— The Book of the Thousand Nights and a Night, Volume 3 • Richard F. Burton

... entrance, he rose and faced them. When he stood erect the sturdiness of his build became accentuated, and they saw he was a man of medium height, but so muscular that he looked much shorter. A pair of large tortoise-shell spectacles straddled a big beak-like nose, and he wore a heavyish blond moustache with its points trained upwards and outwards rather after the fashion made famous in the Fatherland by William Hohenzollern. In his ill-cut suit of cheap-looking ...
— The Yellow Streak • Williams, Valentine

... of the Fire Spirits. She had a long way to go, for the Fire-King held his court in the very centre of the earth, and she might have lost herself in the dark passages had not the glowworm lent her his lamp. She had saved him once when a hungry bird would have carried him off in her beak, and from that time the glowworm had loved the gentle fairy, and always burned brightest when she ...
— How the Fairy Violet Lost and Won Her Wings • Marianne L. B. Ker

... than a hundred well-marked races. The most noteworthy of these races are, the four great stocks known to the "fancy" as tumblers, pouters, carriers, and fantails; birds which not only differ most singularly in size, colour, and habits, but in the form of the beak and of the skull: in the proportions of the beak to the skull; in the number of tail-feathers; in the absolute and relative size of the feet; in the presence or absence of the uropygial gland; in the number of vertebrae in the back; in short, in precisely those characters ...
— The Origin of Species - From 'The Westminster Review', April 1860 • Thomas H. Huxley

... curiosity, then with hate, then with terror, and lastly—how can I express myself?—with a sort of hellish humor that in another moment might have broken into something like a laugh, if the bird, which I had failed to observe up to this moment, had not waked in its high cage, and, thrusting its beak between the bars, shrilled out in the most alarming of tones: 'Remember Evelyn!' That startled the old man even more than the sight on the floor had done. He turned round, and I saw his fist rise as if against some menacing intruder, but it quickly fell again as his eyes encountered ...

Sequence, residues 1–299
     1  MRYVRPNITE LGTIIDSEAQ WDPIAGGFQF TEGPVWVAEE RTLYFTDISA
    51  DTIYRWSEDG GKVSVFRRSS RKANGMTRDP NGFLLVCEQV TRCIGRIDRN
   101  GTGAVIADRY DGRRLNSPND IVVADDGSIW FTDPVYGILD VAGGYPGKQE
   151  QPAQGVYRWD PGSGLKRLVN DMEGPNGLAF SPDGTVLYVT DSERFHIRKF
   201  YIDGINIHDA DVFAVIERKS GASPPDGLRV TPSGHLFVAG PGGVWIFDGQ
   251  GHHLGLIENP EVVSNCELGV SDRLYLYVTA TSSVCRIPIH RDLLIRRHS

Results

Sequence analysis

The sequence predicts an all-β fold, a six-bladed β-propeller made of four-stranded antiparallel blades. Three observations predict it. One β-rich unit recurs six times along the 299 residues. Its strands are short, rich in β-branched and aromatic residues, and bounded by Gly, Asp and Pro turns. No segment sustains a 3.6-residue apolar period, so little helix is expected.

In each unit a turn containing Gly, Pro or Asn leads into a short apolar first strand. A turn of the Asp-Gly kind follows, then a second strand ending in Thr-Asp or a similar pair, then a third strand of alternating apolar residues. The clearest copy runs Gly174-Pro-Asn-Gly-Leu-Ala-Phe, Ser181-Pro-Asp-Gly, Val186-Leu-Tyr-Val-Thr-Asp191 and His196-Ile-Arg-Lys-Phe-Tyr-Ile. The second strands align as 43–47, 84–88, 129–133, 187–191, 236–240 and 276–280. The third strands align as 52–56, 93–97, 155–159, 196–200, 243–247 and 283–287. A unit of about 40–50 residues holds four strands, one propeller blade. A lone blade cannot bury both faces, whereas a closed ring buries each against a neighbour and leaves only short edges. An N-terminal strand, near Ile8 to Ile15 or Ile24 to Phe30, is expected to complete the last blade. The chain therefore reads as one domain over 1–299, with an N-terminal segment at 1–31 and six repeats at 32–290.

— The Circular Study • Anna Katharine Green

... the ground Crept a movement; rose a sound: Everywhere the silence ticked As with hands of things that picked At the loam, or in the dew,— Elvish sounds that crept or flew,— Beak-like, pushing ...
— Poems • Madison Cawein

... the instant that saw Amiel lay a commending and fraternal hand on Jennie's curls, the Monster struck. Jealousy had no firmer grip of beak and talons on the Moor of Venice than on the crop-headed Dorothea. In absolute self- defense she did an unprecedented and wholly unexpected thing. Without warning she burst into song, even as Jennie was coyly ...
— Stories from Everybody's Magazine • 1910 issues of Everybody's Magazine

... Pomyeshchick, A very old man Wearing long white moustaches (He seems to be all white); His cap, broad and high-crowned, Is white, with a peak, In the front, of red satin. His body is lean 160 As a hare's in the winter, His nose like a hawk's beak, His eyes—well, they differ: The one sharp and shining, The other—the left eye— Is sightless and blank, Like a dull leaden farthing. Some woolly white poodles With tufts on their ankles Are ...
— Who Can Be Happy And Free In Russia? • Nicholas Nekrassov

... of the ibis is this:—it is a deep black all over, and has legs like those of a crane and a very curved beak, and in size it is about equal to a rail: this is the appearance of the black kind which fight with the serpents, but of those which most crowd round men's feet (for there are two several kinds of ibises) the head is bare and also the whole of the throat, and it is white in feathering ...
— The History Of Herodotus - Volume 1(of 2) • Herodotus

... dollar or the little carnelian ring, which were tightly clenched in one hand, I sprang down from the bureau. Running up the wire flower-stand below the cage, I shook my fist directly under his beak. It only made him noisier than ever, and he flew about ...
— The Story of Dago • Annie Fellows-Johnston

... things. A sleepy child will rather believe that the Queen of the Fairies is acting sentry upon the knob of the bedpost than that an angel stands at the head of the cot with great wings spread in protection—wings which suggest the probability of claws and a beak to match. ...
— The Treasury of Ancient Egypt - Miscellaneous Chapters on Ancient Egyptian History and Archaeology • Arthur E. P. B. Weigall

... in, a tall, slim, withered old man, with a nose like an eagle's beak, and eyes that still burned in their deep sockets, under white and bushy brows. His mouth, toothless but still refined, was lost to sight between his moustaches and snowy beard; and his hair, crowning him whitely like an aureola, fell in curls over his shoulders. Behind him with all ...